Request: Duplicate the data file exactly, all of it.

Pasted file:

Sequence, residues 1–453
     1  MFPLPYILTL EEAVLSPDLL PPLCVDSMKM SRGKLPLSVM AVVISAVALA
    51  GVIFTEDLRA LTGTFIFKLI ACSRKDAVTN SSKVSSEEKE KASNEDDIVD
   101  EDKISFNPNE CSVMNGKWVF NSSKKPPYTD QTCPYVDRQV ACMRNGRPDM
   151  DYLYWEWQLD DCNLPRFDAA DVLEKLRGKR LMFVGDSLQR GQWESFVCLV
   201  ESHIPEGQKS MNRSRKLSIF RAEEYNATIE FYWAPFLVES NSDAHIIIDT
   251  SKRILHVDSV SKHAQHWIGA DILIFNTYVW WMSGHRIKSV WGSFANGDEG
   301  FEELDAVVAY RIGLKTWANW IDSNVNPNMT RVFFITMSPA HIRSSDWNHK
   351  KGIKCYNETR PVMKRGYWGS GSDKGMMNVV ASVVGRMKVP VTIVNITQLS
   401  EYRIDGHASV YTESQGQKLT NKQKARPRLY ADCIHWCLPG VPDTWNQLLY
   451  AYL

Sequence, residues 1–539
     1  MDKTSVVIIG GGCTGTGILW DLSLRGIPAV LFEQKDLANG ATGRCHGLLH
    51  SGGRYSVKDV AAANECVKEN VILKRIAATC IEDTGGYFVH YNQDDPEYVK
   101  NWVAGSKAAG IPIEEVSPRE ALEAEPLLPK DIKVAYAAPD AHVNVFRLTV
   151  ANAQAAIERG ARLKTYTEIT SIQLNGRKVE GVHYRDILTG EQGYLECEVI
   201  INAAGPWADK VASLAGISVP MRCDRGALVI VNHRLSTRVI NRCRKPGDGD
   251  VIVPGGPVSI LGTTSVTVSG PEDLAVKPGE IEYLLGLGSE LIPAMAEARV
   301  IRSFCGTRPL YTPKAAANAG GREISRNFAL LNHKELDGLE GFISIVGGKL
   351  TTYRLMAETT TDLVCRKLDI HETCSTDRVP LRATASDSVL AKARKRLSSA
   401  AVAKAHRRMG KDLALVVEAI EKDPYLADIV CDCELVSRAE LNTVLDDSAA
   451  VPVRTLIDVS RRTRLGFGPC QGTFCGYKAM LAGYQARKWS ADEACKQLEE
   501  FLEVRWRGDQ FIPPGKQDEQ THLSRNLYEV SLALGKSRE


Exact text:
Sequence, residues 1–453
     1  MFPLPYILTL EEAVLSPDLL PPLCVDSMKM SRGKLPLSVM AVVISAVALA
    51  GVIFTEDLRA LTGTFIFKLI ACSRKDAVTN SSKVSSEEKE KASNEDDIVD
   101  EDKISFNPNE CSVMNGKWVF NSSKKPPYTD QTCPYVDRQV ACMRNGRPDM
   151  DYLYWEWQLD DCNLPRFDAA DVLEKLRGKR LMFVGDSLQR GQWESFVCLV
   201  ESHIPEGQKS MNRSRKLSIF RAEEYNATIE FYWAPFLVES NSDAHIIIDT
   251  SKRILHVDSV SKHAQHWIGA DILIFNTYVW WMSGHRIKSV WGSFANGDEG
   301  FEELDAVVAY RIGLKTWANW IDSNVNPNMT RVFFITMSPA HIRSSDWNHK
   351  KGIKCYNETR PVMKRGYWGS GSDKGMMNVV ASVVGRMKVP VTIVNITQLS
   401  EYRIDGHASV YTESQGQKLT NKQKARPRLY ADCIHWCLPG VPDTWNQLLY
   451  AYL

Sequence, residues 1–539
     1  MDKTSVVIIG GGCTGTGILW DLSLRGIPAV LFEQKDLANG ATGRCHGLLH
    51  SGGRYSVKDV AAANECVKEN VILKRIAATC IEDTGGYFVH YNQDDPEYVK
   101  NWVAGSKAAG IPIEEVSPRE ALEAEPLLPK DIKVAYAAPD AHVNVFRLTV
   151  ANAQAAIERG ARLKTYTEIT SIQLNGRKVE GVHYRDILTG EQGYLECEVI
   201  INAAGPWADK VASLAGISVP MRCDRGALVI VNHRLSTRVI NRCRKPGDGD
   251  VIVPGGPVSI LGTTSVTVSG PEDLAVKPGE IEYLLGLGSE LIPAMAEARV
   301  IRSFCGTRPL YTPKAAANAG GREISRNFAL LNHKELDGLE GFISIVGGKL
   351  TTYRLMAETT TDLVCRKLDI HETCSTDRVP LRATASDSVL AKARKRLSSA
   401  AVAKAHRRMG KDLALVVEAI EKDPYLADIV CDCELVSRAE LNTVLDDSAA
   451  VPVRTLIDVS RRTRLGFGPC QGTFCGYKAM LAGYQARKWS ADEACKQLEE
   501  FLEVRWRGDQ FIPPGKQDEQ THLSRNLYEV SLALGKSRE